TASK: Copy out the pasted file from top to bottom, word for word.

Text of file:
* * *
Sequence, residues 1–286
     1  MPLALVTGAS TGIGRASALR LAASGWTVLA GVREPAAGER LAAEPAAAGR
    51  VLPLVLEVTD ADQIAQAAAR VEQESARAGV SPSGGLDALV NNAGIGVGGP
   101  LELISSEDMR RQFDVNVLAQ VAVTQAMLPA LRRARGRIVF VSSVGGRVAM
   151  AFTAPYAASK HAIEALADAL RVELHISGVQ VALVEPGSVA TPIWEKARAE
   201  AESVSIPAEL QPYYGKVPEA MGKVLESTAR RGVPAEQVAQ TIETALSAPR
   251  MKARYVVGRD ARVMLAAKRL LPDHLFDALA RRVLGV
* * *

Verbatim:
Sequence, residues 1–286
     1  MPLALVTGAS TGIGRASALR LAASGWTVLA GVREPAAGER LAAEPAAAGR
    51  VLPLVLEVTD ADQIAQAAAR VEQESARAGV SPSGGLDALV NNAGIGVGGP
   101  LELISSEDMR RQFDVNVLAQ VAVTQAMLPA LRRARGRIVF VSSVGGRVAM
   151  AFTAPYAASK HAIEALADAL RVELHISGVQ VALVEPGSVA TPIWEKARAE
   201  AESVSIPAEL QPYYGKVPEA MGKVLESTAR RGVPAEQVAQ TIETALSAPR
   251  MKARYVVGRD ARVMLAAKRL LPDHLFDALA RRVLGV